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Bhopal Gas Tragedy: A Disaster Which Shook India

About Bhopal Gas Tragedy

On December 3rd 1984 when gas leaked, and through that leakage thousands of people killed and permanently disabled the survivors. The gas effected almost 3787 people who are killed through the leakage of gas.

The government representing the victims, secured 470 million USD as compensation from the union carbide corporation, from the act of gas leakage the State enacted several legislations including the public liability insurance act,1991 etc. judicial activism evolved absolute liability doctrine.

Regulations were framed, and now the situation is far better than , the disaster which happened. It was one of the most dangerous industrial disaster which led to killing of thousands of people and now also fear has not been vanished from the heart of the peoples who are working in the industries of hazardous substance. In 1970, the American enterprise, union carbide corporation established a pesticide plan in the populated area of Bhopal in India due its good networks for transportation. In 1984, the plant was manufacturing selvin ate one quarter of its capacity due to decreased demand of pesticides . the plant was kept on producting but on lower standards.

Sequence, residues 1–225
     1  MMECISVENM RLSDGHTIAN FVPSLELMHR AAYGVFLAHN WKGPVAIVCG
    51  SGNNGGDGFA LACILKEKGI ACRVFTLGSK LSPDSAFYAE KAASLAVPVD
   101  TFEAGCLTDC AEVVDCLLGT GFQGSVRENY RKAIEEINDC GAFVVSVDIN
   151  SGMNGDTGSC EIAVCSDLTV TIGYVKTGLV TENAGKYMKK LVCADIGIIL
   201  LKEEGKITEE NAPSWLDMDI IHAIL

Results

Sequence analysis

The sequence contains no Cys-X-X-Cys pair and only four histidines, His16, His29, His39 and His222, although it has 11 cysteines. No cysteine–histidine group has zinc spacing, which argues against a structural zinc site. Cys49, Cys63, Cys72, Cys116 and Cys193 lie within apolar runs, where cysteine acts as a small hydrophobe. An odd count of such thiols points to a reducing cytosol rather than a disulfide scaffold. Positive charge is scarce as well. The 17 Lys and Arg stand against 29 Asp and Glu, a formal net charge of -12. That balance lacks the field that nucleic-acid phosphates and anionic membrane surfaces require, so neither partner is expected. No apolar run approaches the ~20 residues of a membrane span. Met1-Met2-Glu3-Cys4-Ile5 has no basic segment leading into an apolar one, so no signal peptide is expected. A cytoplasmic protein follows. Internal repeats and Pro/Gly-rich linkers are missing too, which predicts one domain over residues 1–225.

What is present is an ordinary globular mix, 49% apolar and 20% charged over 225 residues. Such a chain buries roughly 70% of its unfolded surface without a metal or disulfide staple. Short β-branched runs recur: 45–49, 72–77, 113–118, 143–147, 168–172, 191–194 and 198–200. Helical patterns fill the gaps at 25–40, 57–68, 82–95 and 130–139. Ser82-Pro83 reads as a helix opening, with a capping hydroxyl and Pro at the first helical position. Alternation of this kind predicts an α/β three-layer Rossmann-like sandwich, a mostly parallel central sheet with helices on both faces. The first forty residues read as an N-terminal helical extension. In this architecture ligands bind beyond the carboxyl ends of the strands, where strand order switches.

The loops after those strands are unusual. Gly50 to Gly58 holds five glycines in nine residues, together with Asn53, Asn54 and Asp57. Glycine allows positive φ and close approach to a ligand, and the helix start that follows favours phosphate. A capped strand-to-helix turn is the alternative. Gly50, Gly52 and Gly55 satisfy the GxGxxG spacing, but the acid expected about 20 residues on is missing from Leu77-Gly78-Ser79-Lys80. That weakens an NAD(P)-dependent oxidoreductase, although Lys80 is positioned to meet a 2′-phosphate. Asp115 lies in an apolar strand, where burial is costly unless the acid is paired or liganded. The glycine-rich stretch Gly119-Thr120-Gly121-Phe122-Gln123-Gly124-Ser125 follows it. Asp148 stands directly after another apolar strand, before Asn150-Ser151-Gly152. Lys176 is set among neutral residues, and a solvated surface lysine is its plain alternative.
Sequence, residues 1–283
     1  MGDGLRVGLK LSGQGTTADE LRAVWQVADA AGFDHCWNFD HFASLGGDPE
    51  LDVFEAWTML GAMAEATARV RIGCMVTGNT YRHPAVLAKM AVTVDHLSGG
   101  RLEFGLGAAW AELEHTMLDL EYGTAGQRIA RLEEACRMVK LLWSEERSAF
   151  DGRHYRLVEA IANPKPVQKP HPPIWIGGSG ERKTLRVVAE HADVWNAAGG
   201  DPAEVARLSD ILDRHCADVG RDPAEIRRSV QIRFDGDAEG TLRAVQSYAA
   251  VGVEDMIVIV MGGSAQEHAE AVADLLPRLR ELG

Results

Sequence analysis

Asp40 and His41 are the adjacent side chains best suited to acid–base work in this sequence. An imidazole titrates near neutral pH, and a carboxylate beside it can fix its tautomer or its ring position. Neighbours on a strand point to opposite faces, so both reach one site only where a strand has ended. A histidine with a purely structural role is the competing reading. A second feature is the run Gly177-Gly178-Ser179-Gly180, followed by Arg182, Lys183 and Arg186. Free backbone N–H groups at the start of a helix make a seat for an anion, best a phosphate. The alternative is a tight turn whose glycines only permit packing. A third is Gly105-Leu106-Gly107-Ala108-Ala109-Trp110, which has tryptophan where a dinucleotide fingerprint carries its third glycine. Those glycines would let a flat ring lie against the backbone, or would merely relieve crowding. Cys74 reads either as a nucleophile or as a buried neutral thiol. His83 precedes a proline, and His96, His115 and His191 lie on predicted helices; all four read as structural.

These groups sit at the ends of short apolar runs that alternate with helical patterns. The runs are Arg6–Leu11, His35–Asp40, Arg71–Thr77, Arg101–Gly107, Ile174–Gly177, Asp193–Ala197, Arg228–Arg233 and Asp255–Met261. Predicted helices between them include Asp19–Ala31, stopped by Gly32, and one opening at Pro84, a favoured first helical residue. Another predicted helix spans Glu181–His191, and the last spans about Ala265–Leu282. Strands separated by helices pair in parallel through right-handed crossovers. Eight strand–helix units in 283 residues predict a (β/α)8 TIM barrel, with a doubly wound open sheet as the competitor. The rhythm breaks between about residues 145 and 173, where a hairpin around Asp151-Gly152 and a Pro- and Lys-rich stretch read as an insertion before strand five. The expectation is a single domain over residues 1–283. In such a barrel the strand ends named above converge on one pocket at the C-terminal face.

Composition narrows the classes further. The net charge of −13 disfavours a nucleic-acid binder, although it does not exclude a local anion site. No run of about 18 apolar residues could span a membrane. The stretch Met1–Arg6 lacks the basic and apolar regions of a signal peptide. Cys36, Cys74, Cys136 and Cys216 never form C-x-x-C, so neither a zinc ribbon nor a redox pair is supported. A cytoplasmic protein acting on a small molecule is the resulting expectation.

So, the government could not impose strict controls over them as there were large no. of labours employed under the industry. At around 1:00 pm on December 3rd massive amount of methyl isocyanide surrounded all over the city, within a small span of time many humans and animals were killed due to the poisonous gas. Around 3787 people died  due to that poisonous gas. The local hospitals were all rushed with patients almost 10,000- 20,000  people died. 

A large proportion of people who survived suffered from multi-system morbidities with the eyes and lungs are the body parts which were mostly harmed through the gas. The ICMR estimated that approx. 62.58% of the population of Bhopal suffered from inhalational toxicity through that poisonous gas. The population that survived developed morbidity of varying degree over the next 25 years. The doctors were clueless at that time, that what is affecting the sufferers.